Japan and its desire to conquer the Moon: These are the projects it plans to carry out on the lunar surface

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Japan and the Japan Aerospace Exploration Agency (JAXA) have been known for making less noise than NASA when it comes to making announcements about their plans in space. However, in the land of the rising sun they cannot hide their greatest desire: conquer the moon.

Among the projects that the Japanese plan to carry out on the lunar surface, the most prominent is that of The Glass, an artificial space habitat with which they could colonize our natural satellite.

But in order to make life on the Moon, JAXA must carry out dozens of investigations to confirm the possibilities. The Japanese space agency confirmed that it will send two small craft to the satellite, identified in a report as Omotinashi and Echoleos.

Omotinashi and Echoleos Missions

These lunar probes have the mission of offering new knowledge to astronomers about the Moon. In Omotinashi’s case, It will be the first Japanese spacecraft to land on the lunar surface..

The device will send information to Earth through radio waves. It will collect landing data that will help make future probes smaller and lighter.

Omotinashi

On the Equuleus or Echoleos mission, the probe is designed to study the far side of the Moon from afar and JAXA wants to test whether it can easily fly to different places in space.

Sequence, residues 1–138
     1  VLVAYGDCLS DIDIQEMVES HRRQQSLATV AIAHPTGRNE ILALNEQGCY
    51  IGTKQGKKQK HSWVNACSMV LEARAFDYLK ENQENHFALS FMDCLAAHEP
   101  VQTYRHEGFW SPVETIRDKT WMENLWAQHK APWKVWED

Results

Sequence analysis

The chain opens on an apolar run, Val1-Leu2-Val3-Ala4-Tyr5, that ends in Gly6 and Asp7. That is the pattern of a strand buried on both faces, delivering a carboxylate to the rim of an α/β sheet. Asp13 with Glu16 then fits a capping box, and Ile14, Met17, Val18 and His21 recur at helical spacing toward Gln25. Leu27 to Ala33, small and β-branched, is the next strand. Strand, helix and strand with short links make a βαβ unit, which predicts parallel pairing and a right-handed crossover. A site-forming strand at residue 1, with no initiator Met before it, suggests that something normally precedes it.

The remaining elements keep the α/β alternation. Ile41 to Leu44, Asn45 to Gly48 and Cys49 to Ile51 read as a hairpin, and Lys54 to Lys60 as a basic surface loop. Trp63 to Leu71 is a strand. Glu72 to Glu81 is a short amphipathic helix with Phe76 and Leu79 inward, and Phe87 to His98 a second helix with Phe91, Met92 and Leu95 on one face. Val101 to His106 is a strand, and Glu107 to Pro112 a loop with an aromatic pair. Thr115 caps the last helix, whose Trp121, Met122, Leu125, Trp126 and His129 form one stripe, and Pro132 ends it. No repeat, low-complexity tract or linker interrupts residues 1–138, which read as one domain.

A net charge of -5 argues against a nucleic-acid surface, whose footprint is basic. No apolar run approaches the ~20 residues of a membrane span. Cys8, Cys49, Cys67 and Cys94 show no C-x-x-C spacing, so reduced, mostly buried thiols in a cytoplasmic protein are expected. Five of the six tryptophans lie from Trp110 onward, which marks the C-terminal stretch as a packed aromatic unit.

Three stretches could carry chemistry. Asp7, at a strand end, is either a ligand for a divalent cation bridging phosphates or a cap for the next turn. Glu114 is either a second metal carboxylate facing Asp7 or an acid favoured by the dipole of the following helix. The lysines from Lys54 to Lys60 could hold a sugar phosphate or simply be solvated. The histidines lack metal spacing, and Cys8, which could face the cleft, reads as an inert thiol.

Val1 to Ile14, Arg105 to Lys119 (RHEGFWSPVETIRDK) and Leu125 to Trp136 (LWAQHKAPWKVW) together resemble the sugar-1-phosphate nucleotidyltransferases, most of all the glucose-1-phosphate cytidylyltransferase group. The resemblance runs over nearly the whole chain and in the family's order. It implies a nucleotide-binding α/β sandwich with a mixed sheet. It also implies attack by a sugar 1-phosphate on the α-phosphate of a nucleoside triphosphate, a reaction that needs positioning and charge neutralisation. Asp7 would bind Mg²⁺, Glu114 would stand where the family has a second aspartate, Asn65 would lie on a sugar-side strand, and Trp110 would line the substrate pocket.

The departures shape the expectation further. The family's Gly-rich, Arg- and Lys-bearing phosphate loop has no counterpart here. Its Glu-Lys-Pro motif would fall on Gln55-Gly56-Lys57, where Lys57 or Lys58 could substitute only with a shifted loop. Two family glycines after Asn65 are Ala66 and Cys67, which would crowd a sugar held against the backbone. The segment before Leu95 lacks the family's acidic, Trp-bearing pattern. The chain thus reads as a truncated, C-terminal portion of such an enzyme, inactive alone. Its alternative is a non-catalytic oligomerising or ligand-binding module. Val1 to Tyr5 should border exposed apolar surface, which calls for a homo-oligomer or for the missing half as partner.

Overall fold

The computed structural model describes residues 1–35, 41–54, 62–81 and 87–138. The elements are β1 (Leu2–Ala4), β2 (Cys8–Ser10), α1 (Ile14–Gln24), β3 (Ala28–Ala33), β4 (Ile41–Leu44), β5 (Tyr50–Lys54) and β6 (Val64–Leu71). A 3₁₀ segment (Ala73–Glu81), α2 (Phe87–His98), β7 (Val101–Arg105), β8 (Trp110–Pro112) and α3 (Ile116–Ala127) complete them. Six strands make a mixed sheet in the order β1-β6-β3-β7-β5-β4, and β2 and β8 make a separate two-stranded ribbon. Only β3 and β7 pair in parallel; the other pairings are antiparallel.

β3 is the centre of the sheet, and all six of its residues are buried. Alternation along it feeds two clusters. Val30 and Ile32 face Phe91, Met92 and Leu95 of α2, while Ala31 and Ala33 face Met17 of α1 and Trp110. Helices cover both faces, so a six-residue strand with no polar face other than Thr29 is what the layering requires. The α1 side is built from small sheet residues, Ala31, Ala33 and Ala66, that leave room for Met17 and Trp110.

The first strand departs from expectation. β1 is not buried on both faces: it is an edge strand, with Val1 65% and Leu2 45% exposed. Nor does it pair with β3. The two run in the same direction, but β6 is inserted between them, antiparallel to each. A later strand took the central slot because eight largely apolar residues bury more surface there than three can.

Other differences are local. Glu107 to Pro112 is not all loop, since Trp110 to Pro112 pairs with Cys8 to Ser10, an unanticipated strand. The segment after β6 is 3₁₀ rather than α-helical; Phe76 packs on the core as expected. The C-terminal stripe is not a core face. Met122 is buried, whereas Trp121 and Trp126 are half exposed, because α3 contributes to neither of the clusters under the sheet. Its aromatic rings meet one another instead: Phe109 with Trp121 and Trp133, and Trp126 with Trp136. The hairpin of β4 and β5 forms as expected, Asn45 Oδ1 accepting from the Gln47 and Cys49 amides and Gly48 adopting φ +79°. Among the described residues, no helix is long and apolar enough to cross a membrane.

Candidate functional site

Equuleus Mission

These and other missions are just the beginning of unprecedented data collection for Japan to achieve its greatest space goal: the construction of The Glass.

The Glass and an interplanetary transportation system

The Glass or El Cristal is a collaboration project between the Kajima Construction company and researchers from Kyoto University, with a team made up of engineers, technicians and scientists, who explained their plans for the colonization of the natural satellite.

The Glass is a gigantic habitable cone-shaped structure with artificial gravitywhich would have public transport, green areas and large bodies of water, as if it were an extension of the Earth.

Its main objective, apart from colonization, is avoid health complications for future settlers by low and zero gravity environments.

The structure is in the shape of an inverted cone, 400 meters high and 100 meters in radius at its widest point, which spins on itself to create a centrifugal attraction capable of mimicking the effect of gravity on Earth. The turns are completed every 20 seconds and in the area where it reaches the maximum radius it would achieve a gravity of 1G, the same as we have on Earth.

A prototype of this initiative would be ready in 2050built on our planet, but the final version it will take about 100 years to be built and operational.

In addition, this plan also includes an interplanetary transport system, thinking of the Western desire to conquer Mars. In this case, the researchers have found a solution that seems even more futuristic: a kind of interplanetary cable car called Hexatrackcapable of maintaining 1G gravity.

The passengers would go in the so-called hexacapsules, booths with a radius of 15 meters in the shape of a hexagon that would be in charge of connecting the Earth and the Moon. Once on the Earth satellite, there would be another larger cabin, twice the size, that would connect the satellite with Mars

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